Longo N, Zori R, Wasserstein MP, Vockley J, Burton BK, Decker C, Li M, Lau K, Jiang J, Larimore K, Thomas JA.
Long-term safety and efficacy of pegvaliase for the treatment of phenylketonuria in adults: combined phase 2 outcomes through PAL-003 extension study.
Orphanet J Rare Dis. 2018 Jul 4;13(1):108.
Pegvaliase (PEGylated recombinant phenylalanine ammonia lyase); marketed in the United States as PALYNZIQ) is an enzyme substitution therapy administered via subcutaneous injection that lowers blood Phe.
This study was an ongoing, long-term project extended from earlier pegvaliase dose-finding phase 2 studies. This meant that participants continued their dose of pegvaliase from an earlier study, with dose adjustments to achieve a plasma Phe concentration between 60 and 600 μmol/L. 68 patients participated.
The mean decrease in plasma Phe levels to less than 600 μmol/L was sustained for 5All participants experienced adverse events, which were limited to mild or moderate severity in most (89%); the most common adverse events were injection-site reactions (73%), injection-site erythema (red skin) (68%), headache (68%), and arthralgia (pain in the joint) (65%). The adverse event rate decreased from 58.3 events per person-year in the earlier studies to 18.6 events per person-year in this extension study.
Harding CO, Amato RS, Stuy M, Longo N, Burton BK, Posner J, Weng HH, Merilainen M, Gu Z, Jiang J, Vockley J; PRISM-2 Investigators.
Pegvaliase for the treatment of phenylketonuria: A pivotal, double-blind randomized discontinuation Phase 3 clinical trial.
Mol Genet Metab. 2018 May;124(1):20-26.
Eighty-six patients who received pegvaliase in a previous study were enrolled in this complex, double-blinded, 8 week trial. Patients were randomized to receive either their current pegvaliase dose (either 20 or 40 mg/d) or they stopped pegvaliase and were given a placebo drug (Dextran, a glucose polymer). The study drugs were self-administered daily for 8 weeks, rotating subcutaneous injection sites. This study evaluated change in blood Phe concentrations, neuropsychiatric and neurocognitive measures, and safety outcomes.
In the pegvaliase group, phenylalanine concentrations remained stable from their baseline (when they were already taking pegvaliase) to week 8 (Phe 504-559 µmol/L), while blood levels in the placebo groups increased to pre- pegvaliase trial levels.
No significant changes in mood or inattention were observed between the groups receiving pegvaliase or the placebo drug. This was perhaps due to the short duration of the trial or to the tools used to measure these symptoms in the trial.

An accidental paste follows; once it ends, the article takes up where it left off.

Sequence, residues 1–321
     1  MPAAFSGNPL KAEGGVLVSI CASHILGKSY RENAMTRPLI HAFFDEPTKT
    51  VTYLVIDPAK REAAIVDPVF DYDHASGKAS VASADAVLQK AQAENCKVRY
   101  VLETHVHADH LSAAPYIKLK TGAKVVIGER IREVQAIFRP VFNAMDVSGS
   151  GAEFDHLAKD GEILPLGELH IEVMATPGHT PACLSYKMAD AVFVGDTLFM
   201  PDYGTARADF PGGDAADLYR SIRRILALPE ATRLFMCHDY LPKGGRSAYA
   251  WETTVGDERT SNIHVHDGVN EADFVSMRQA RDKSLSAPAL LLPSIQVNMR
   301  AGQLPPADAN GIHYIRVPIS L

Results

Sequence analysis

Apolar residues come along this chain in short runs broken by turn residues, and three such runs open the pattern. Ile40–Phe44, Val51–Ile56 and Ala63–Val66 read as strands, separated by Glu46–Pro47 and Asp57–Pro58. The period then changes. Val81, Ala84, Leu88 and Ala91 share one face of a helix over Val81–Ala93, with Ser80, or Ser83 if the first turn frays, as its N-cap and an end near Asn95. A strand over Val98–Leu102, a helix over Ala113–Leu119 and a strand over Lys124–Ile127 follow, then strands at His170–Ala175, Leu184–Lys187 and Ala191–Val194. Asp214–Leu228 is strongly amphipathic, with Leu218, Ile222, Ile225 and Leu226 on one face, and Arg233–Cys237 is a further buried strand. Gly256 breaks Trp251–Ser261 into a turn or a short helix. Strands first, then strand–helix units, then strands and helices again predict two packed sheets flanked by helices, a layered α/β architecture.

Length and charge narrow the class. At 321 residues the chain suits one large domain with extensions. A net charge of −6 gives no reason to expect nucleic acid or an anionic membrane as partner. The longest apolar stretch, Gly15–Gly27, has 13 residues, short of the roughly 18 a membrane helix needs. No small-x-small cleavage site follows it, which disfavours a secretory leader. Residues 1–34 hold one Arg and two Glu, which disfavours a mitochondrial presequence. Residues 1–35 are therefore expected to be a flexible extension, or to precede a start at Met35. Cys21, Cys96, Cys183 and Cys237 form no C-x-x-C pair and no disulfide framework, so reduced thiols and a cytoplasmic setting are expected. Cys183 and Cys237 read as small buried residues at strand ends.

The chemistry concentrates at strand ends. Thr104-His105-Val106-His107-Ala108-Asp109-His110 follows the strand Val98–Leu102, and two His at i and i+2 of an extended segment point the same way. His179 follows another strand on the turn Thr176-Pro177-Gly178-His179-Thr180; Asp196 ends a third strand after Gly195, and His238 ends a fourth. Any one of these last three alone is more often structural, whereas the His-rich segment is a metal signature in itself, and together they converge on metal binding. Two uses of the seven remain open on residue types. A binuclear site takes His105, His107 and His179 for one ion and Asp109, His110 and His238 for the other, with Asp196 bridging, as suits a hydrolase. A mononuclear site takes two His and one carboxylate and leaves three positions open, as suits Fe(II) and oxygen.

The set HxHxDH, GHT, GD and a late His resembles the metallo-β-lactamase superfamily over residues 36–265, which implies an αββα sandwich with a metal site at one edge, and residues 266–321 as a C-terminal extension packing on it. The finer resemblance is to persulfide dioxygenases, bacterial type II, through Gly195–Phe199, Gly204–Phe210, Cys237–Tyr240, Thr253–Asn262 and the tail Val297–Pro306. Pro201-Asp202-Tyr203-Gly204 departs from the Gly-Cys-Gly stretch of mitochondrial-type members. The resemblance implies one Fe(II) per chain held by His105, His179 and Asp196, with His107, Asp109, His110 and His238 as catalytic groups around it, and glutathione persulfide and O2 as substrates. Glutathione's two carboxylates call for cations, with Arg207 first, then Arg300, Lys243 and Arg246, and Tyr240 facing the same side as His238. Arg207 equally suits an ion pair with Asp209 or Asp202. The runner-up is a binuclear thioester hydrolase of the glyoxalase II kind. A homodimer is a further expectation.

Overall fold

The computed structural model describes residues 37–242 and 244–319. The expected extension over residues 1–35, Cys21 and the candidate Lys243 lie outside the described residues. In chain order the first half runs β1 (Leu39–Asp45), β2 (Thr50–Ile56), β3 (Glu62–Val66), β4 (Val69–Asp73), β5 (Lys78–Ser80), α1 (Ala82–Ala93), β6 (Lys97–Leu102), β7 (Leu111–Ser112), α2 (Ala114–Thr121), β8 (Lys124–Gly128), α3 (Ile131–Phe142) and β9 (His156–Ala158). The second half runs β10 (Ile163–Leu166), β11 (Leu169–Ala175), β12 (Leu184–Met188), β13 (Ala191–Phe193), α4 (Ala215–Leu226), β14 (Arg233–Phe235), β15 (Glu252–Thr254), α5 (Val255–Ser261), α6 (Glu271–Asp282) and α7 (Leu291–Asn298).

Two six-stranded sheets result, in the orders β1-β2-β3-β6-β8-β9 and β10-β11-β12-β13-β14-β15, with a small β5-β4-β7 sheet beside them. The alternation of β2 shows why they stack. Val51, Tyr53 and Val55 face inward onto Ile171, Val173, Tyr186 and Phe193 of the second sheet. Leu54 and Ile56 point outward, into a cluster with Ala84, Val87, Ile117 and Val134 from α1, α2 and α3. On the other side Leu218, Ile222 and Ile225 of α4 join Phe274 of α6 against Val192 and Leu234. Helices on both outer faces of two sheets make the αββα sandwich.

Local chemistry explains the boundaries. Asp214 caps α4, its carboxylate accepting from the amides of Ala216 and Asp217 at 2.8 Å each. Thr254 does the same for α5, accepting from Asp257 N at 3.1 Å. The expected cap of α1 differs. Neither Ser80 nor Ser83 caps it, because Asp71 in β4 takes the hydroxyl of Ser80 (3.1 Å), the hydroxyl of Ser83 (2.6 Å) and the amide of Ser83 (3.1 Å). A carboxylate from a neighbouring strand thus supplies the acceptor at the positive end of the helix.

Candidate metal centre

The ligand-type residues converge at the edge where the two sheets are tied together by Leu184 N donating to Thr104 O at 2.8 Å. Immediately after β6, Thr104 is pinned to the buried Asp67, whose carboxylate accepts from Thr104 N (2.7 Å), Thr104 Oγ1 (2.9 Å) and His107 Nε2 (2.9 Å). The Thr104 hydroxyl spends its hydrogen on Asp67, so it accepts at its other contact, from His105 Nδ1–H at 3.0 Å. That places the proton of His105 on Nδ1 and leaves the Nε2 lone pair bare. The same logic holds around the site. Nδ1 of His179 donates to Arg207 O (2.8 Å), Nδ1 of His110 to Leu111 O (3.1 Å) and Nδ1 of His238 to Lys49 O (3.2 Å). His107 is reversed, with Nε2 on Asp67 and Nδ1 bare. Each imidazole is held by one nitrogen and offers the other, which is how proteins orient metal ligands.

Thomas J, Levy H, Amato S, Vockley J, Zori R, Dimmock D, Harding CO, Bilder DA, Weng HH, Olbertz J, Merilainen M, Jiang J, Larimore K, Gupta S, Gu Z, Northrup H; PRISM investigators.
Pegvaliase for the treatment of phenylketonuria: Results of a long-term phase 3 clinical trial program (PRISM).
Mol Genet Metab. 2018 May;124(1):27-38.
This Phase 3 clinical trial studied 261 patients who all had a blood Phe above 600 μmol/L before starting treatment with pegvaliase. They had been on previous shorter term pegvaliase trials (PRSIM-1 AND prism 2) prior to entering the current trial. The mean blood Phe was 1233 μmol/L at baseline (pre-pegvaliase), 565 μmol/L at 12 months treatment with pegvaliase, and 311 μmol/L at 24 months treatment with pegvaliase. Within 24 months, just over half the participants achieved a blood Phe of 120 μmol/L or less – that is, below the upper limit of normal in the non PKU population. Overall, 65% of the patients in this study remained on pegvaliase treatment. Adverse events were described mostly as mild or moderate and resolved without needing to interrupt or reduce treatment with pegvaliase. Acute systemic hypersensitivity was observed in 12 participants, of which 6 remained on therapy. These cases occurred most frequently during upward titration of the pegvaliase dose within the first year of treatment
Hausmann O, Daha M, Longo N, Knol E, Müller I, Northrup H, Brockow K.
Pegvaliase: Immunological profile and recommendations for the clinical management of hypersensitivity reactions in patients with phenylketonuria treated with this enzyme substitution therapy.
Mol Genet Metab. 2019 Sep - Oct;128(1-2):84-91.
Eight European academic immunology experts discussed recommendations for the clinical management of hypersensitivity adverse events associated with pegvaliase treatment.
Pegvaliase induces Type III hypersensitivity reactions, causing hypersensitivity adverse reactions with peak event rates during the induction/titration period and with a decline over time during maintenance therapy.
- physicians and patients need to be aware of the risk of hypersensitivity adverse reactions associated with pegvaliase
- the presence of a trained observer during early treatment may be beneficial in certain circumstances a requirement to carry auto-injectable adrenaline.
Sri Bhashyam S, Marsh K, Quartel A, Weng HH, Gershman A, Longo N, Thomas J, Zori R.